Kinematics of the south flank can be addressed by modeling of geodetic data. A controversy exists regarding the depth of faulting in the HFS; faulting could be either shallow or deep. In addition to surface displacement along the HFS, the 1975 Kalapana earthquake hypocenter occurred at 10 km depth and produced a thrust focal mechanism (southeast transport direction) on a sub-horizontal fault plane dipping ~6 degrees to the north (Ando, 1979). The 1975 Kalapana earthquake is interpreted as a detachment event occurring along the interface between the Pacific oceanic lithosphere and Hawaiian volcanic edifice (see Lipman et al., 1985).

Inferring the HFS as shallow faults (Hill & Zucca, 1987), normal faults with dips of 60-70 at the surface shallow into listric normal faults at depths of 2-3 km (Figure 3a). Headscarps of the HFS represent shallow slump blocks, and surface faults do not directly link with the deeper decollement surface. Listric faults would produce a northward back-rotation of hangingwall blocks in the HFS. Riley (1996) concludes from paleomagnetic analysis that Puu Kapukapu has been down-faulted and northward back-rotated on a 5 km deep listric normal fault with respect to the Hilina Pali. Seismicity may trigger landslides on shallow HFS normal faults.

Figure 3a. HFS interpreted with shallow listric normal faults (modified from Hill & Zucca, 1987). Figure 3b. HFS connects to decollement surface at depth (modified from Lipman et al., 1985)

The HFS may be interpreted as surface normal faults descending to 5-10 km depths and forming a splay with the decollement surface (Figure 3b). Seismic slip on the decollement may induce surface displacements on the HFS. P-wave tomographic studies indicate an anomalous velocity gradient at depth in the HFS region (Okubo et al., 1997). They also identify a concentration of microseismicity at the proposed splay junction of the HFS and decollement faults (Figure 4). These two conclusions provide evidence for the linkage between HFS surface normal faults and the decollement.

Figure 4. Cross-section interpretation of HFS deep normal faults from P-wave tomographic studies (from Okubo et al., 1997). Line of section on Figure 1.

HVO scientists produced summary maps of 1975 Kalapana earthquake contoured vertical and horizontal displacements (Tilling et al., 1975) on a 1:500 000 scale map. These maps are based on geodetic station displacements, not data from individual total displacement measurements along the earthquake rupture of the HFS. Kellogg & Chadwick (1985) measured fault displacements in the western HFS by traversing fault scarps (Figure 5). Their measurements indicate varied magnitude and direction of total fault displacements from the Kalapana earthquake.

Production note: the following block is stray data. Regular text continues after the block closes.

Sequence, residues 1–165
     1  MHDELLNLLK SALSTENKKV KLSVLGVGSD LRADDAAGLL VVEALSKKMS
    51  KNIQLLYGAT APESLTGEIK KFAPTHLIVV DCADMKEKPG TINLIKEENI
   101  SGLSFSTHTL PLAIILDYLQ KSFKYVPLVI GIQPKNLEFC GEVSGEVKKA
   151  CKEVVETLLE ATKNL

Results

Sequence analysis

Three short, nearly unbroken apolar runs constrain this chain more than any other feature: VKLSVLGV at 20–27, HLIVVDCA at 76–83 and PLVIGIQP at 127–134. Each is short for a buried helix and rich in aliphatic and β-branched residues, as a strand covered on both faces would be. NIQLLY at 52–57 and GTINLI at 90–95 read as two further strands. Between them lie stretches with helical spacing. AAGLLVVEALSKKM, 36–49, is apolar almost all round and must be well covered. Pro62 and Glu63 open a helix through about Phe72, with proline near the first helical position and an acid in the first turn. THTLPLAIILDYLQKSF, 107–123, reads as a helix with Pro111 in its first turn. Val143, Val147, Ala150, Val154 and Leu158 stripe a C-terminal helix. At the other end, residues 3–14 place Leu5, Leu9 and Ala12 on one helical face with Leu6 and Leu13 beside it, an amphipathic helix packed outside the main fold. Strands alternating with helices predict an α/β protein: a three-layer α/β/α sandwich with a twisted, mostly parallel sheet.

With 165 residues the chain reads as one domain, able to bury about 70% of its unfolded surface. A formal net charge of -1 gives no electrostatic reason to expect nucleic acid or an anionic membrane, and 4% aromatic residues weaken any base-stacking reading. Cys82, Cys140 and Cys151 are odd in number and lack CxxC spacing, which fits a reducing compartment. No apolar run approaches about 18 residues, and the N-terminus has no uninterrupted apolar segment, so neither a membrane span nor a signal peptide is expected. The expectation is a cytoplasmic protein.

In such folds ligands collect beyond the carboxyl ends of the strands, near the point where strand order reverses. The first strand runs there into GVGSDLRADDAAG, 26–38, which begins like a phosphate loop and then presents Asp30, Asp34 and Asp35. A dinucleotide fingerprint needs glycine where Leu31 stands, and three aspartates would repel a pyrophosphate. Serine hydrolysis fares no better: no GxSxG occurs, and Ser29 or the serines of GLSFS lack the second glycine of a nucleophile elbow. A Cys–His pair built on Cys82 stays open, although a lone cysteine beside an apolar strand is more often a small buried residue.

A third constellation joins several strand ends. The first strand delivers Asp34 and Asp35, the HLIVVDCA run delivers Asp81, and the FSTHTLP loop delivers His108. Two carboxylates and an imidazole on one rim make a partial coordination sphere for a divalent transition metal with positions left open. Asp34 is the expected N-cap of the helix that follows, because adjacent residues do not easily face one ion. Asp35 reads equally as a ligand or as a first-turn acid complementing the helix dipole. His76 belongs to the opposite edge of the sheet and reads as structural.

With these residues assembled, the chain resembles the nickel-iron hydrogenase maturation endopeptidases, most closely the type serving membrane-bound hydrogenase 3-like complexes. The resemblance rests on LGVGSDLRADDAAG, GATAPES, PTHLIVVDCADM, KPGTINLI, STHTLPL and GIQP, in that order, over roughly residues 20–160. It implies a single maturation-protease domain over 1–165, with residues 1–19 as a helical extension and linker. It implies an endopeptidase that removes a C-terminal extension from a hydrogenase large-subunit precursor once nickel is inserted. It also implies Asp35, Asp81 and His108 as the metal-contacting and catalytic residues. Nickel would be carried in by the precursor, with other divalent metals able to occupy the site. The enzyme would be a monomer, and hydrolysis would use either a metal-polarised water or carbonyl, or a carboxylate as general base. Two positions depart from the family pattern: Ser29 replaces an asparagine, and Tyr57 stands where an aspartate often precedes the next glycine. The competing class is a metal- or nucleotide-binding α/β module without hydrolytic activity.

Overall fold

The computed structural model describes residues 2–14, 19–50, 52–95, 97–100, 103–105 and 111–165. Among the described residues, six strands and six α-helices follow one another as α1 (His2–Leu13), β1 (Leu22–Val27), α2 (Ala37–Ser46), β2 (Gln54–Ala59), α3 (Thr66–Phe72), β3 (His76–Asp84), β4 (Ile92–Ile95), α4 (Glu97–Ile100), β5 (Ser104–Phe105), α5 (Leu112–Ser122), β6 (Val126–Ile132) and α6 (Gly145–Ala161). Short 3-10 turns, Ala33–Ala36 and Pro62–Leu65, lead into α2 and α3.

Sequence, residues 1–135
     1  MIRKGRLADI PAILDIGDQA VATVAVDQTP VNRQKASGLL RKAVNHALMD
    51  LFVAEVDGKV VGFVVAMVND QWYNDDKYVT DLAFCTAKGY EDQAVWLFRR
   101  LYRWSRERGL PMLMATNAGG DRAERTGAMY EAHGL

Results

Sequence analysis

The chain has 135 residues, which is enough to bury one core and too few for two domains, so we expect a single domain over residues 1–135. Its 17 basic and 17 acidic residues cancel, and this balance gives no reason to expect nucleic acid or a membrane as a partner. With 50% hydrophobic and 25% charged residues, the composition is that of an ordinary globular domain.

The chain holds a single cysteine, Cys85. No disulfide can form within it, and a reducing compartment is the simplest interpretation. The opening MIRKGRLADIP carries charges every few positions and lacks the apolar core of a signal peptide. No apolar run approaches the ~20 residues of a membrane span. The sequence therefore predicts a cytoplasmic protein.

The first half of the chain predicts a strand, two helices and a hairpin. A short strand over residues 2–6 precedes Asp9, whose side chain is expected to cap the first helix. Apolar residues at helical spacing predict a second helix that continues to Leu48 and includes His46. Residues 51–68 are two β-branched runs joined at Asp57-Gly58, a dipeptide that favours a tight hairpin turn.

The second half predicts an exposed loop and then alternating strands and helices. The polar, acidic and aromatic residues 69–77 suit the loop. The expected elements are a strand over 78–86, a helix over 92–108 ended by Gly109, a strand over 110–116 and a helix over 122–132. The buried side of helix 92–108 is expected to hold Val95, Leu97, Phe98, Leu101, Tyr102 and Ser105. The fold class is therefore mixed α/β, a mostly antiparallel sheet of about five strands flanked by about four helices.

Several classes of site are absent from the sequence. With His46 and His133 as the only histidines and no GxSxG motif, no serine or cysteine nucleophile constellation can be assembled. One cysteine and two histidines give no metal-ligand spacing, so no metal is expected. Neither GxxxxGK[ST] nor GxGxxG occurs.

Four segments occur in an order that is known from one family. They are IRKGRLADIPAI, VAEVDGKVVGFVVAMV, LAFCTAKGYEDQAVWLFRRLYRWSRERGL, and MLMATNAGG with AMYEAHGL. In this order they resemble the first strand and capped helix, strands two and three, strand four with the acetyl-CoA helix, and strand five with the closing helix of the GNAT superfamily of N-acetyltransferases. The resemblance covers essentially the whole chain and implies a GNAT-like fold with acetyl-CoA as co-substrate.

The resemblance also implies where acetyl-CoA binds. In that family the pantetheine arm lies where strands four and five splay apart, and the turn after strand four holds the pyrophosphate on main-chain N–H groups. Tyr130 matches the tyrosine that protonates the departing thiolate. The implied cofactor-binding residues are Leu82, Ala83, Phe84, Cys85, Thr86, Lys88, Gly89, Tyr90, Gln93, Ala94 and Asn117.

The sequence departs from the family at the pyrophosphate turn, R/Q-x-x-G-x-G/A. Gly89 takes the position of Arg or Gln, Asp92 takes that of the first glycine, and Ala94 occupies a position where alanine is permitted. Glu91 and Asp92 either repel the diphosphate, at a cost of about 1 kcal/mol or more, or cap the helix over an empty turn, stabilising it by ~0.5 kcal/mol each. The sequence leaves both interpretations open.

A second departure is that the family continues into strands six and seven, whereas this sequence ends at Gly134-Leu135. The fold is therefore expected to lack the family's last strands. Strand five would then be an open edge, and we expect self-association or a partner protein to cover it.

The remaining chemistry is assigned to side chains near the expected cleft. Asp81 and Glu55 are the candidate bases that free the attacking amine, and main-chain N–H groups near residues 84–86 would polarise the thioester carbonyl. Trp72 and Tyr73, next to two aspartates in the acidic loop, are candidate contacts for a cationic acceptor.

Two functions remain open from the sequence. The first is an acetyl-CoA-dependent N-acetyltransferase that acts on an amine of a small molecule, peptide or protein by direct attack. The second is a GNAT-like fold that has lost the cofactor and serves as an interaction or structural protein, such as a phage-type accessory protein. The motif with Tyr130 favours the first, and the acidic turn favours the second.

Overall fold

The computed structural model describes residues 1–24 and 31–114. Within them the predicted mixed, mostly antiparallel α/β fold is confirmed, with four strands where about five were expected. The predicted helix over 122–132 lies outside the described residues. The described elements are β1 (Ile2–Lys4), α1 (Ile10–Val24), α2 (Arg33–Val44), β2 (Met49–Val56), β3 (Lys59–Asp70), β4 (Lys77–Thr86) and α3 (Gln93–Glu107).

Figure 5. Displacement map for western HFS from 1975 Kalapana earthquake (Kellogg & Chadwick, 1985).

Lava flows originating from Kilauea caldera and rift zones flow over HFS fault scarps. Stratigraphic and 14C methods provide dates for these flows. Stratigraphy of south flank lava flows has been constructed back to approximately 50-100 ka (Easton, 1987; Holcomb et al., 1987), relative to seven age-dated major ash members. Estimates on the age of the HFS vary, from 23 ka (Pahala Ash) on Puu Kapukapu (Easton, 1978), to 35.8 ka (Pohakaa Ash) on Puu Kapukapu and Hilina Pali (Riley, 1996). Organic material and charcoal originating from plants such as tree ferns and ohia trees can be dated using 14C dating techniques (see Wolfe & Morris, 1996). Assuming these plants were killed by an advancing lava flow, 14C dates can provide an estimated age of the lava flow.

4. Methods

Preliminary field investigations of the HFS in June 1995 and March 1998 identified practical field techniques required to achieve the goals of this project. A combination of office research and fieldwork will be applied in this project.

One goal of this project is to produce a detailed fault displacement map of the 1975 Kalapana earthquake. Aerial photographs from 1965 (1:24 000 scale) will be scanned into a computer system and used to identify fault ruptures prior to the 1975 Kalapana earthquake. Several series of aerial photos (1:12 000 - 1985, 1:5 000 & 1:10 000 - 1975, 1:24 000 orthophotoquad-1977) clearly display Kalapana earthquake displacements in pahoehoe and aa lava flows. These post-earthquake aerial photographs will be interpreted and used to produce an initial Kalapana earthquake trace map.